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Horses are seen on the racetrack at the Happy Valley racecourse in Hong Kong, on July 10, 2019.

Chris McGrath/Getty Images

Hong Kong’s Jockey Club cancelled all races planned for Wednesday after pro-democracy protesters said they would target the Happy Valley racecourse where a horse part-owned by a pro-China lawmaker was due to run.

The government also said fireworks to mark Chinese National Day on Oct. 1 had been called off.

The Jockey Club said it had been “monitoring the situation” closely in Chinese-ruled Hong Kong, which has been rocked by more than three months of sometimes violent protests.

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“It has conducted a thorough risk assessment of the race meeting tonight and concluded that it should be cancelled in order to preserve the security and safety of people and horses,” the club said in a statement, without specifically mentioning the protests.

A horse called Hong Kong Bet that had been due to run in the evening program is part owned by lawmaker Junius Ho, who has taken a firm line on the protesters, calling them “black-shirted thugs.”

Mr. Ho said he was “astonished” by the cancellation.

“A lot of people [deeply regret] such a decision being taken and are worried about the negative impact that [it] may bring to Hong Kong racing and Hong Kong as an international city as well as a leader in the horse-racing world,” he said in a statement. “I fully endorse those worries.”

Mr. Ho has called for Hong Kong “cleanup day” on Saturday, targeting anti-government graffiti in 18 districts.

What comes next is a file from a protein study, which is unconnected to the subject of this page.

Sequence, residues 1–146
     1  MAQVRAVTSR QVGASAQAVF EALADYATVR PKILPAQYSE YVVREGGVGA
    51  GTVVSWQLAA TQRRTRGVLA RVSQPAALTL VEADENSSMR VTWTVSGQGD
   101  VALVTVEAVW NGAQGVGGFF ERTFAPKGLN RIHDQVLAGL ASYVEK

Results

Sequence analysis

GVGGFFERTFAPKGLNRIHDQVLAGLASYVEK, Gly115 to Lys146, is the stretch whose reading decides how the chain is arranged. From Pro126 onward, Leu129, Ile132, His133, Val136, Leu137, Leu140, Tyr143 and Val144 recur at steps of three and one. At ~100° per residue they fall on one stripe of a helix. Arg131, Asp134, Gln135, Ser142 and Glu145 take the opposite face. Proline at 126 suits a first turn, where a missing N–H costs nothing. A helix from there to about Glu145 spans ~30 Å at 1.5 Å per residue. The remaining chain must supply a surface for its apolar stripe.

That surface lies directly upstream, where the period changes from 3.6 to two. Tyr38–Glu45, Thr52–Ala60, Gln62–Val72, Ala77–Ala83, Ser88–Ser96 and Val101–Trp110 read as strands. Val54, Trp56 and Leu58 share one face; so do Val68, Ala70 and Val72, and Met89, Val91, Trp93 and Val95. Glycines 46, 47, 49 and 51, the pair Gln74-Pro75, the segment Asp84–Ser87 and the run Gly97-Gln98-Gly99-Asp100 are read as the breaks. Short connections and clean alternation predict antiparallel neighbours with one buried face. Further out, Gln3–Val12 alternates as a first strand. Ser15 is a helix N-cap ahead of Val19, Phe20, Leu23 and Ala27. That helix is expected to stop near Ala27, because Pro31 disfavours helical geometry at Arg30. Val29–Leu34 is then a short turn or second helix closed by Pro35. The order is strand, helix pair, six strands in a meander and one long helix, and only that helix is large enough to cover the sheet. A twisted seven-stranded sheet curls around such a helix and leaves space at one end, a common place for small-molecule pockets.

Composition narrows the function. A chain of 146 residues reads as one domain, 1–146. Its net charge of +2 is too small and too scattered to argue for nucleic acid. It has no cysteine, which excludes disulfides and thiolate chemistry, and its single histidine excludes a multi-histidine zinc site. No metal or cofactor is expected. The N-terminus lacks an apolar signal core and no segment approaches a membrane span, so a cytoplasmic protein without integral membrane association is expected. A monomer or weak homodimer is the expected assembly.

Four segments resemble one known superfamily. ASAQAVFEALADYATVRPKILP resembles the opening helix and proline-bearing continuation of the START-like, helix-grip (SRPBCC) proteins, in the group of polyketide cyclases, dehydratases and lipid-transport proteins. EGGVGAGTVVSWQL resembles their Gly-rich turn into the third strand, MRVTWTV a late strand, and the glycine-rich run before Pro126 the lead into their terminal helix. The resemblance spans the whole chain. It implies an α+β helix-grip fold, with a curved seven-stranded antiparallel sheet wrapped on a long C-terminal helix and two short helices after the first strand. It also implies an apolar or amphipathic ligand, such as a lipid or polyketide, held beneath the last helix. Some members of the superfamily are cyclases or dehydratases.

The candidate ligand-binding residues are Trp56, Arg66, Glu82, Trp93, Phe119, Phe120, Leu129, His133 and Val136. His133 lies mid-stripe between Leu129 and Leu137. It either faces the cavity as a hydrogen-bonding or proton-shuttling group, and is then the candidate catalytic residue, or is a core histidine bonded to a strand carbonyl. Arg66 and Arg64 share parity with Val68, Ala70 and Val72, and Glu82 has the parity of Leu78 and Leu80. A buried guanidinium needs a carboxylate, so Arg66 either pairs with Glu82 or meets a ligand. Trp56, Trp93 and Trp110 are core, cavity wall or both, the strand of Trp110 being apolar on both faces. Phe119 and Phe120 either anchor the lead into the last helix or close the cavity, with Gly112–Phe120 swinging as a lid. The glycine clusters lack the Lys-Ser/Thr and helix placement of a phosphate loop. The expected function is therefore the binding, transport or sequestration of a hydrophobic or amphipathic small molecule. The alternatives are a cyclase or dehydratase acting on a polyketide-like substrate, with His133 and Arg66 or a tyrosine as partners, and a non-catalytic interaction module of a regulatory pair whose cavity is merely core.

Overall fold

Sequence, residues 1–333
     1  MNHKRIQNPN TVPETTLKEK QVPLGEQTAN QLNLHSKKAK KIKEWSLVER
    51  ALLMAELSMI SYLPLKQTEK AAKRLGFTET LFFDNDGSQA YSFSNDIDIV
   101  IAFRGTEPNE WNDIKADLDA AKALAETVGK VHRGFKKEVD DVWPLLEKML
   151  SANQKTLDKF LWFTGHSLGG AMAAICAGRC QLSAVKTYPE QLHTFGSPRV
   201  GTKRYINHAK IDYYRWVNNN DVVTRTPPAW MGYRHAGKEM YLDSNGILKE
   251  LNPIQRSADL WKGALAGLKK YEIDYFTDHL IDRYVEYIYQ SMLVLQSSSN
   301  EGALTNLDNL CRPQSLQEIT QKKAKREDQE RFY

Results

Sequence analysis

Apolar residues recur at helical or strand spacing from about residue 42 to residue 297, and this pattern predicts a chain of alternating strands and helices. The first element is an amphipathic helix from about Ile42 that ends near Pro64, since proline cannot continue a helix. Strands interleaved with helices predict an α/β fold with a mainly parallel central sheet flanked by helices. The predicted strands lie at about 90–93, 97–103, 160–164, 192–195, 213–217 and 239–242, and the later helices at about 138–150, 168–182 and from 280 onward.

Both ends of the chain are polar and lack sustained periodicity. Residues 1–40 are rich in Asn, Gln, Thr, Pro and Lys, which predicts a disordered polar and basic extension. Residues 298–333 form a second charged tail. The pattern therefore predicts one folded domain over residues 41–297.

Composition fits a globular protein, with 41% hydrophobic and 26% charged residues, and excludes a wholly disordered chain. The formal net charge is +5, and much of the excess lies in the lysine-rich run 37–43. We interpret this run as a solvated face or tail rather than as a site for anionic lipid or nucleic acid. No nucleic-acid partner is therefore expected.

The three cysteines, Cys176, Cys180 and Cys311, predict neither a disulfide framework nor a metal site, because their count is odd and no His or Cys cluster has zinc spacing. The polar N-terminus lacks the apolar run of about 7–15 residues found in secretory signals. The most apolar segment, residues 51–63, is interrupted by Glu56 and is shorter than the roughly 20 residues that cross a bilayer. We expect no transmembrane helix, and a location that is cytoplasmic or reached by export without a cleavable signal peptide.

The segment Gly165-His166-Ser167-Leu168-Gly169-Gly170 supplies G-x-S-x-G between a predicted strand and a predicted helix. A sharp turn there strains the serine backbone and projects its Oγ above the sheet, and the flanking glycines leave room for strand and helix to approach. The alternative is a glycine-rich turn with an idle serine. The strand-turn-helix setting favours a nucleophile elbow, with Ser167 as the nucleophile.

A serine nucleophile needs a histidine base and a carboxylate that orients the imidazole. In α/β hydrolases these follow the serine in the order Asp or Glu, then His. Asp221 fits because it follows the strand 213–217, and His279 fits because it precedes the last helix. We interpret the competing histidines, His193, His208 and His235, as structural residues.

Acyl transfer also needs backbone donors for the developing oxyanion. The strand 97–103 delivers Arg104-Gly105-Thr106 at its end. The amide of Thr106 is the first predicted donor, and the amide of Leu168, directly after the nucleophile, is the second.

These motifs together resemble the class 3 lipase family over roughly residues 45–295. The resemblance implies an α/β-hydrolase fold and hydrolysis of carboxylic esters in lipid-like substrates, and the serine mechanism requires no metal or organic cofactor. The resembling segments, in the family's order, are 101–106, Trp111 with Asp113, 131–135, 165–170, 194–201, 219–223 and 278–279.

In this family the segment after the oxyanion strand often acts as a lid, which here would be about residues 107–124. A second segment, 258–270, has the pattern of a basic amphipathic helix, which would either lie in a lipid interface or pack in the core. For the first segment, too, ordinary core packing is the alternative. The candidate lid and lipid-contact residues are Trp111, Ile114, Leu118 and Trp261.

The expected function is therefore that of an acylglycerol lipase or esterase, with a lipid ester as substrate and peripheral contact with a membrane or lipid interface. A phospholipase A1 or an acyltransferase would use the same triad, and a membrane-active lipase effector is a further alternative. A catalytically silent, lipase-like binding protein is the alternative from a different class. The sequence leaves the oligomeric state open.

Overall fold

“Man up! Sign Up! Clean Up!” he says on his campaign flyer.

Happy Valley, nestled in the hills of Hong Kong island, is a tightly populated, upmarket residential area next to the Causeway Bay shopping district. There has been a horse-racing track there since just after British colonial rule began in the mid-1800s.

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A few hundred soccer fans, many wearing the strips of their favourite European teams, gathered in a Causeway Bay park on Wednesday for a human chain urging people to “fight for Hong Kong.”

Police fired water cannon and volleys of tear gas on Sunday to disperse protesters, many of them masked and wearing black, who threw petrol bombs and set fires in Causeway Bay and the nearby Central district.

In a direct challenge to Beijing, some protesters threw bricks at police outside the Chinese People’s Liberation Army base and set fire to a red banner proclaiming the 70th anniversary of the founding of the People’s Republic of China.

ANGER AT BEIJING

Demonstrators are angry about what they see as creeping interference by Beijing in their city’s affairs despite a promise of autonomy.

The Hong Kong government said on Wednesday a giant fireworks display over the harbour planned for Oct. 1 had been called off “in view of the latest situation and having regard to public safety.”

The spark for the latest protests in June was planned legislation, now withdrawn, that would have allowed people accused of breaking Chinese laws to be sent to the mainland for trial. But they have since broadened into calls for universal suffrage.

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Hong Kong returned to China in 1997 under a “one country, two systems” formula that ensures freedoms not enjoyed on the mainland, including right of assembly and an independent judiciary.

Sunday’s violence followed a rally outside the British Consulate where protesters said “one country, two systems” was dead and urged Britain to call on China to stand by its promises.

China says it is committed to the Hong Kong formula, denies meddling and says the city is an internal Chinese issue. It has accused foreign powers, particularly the United States and Britain, of fomenting the unrest and told them to mind their own business.

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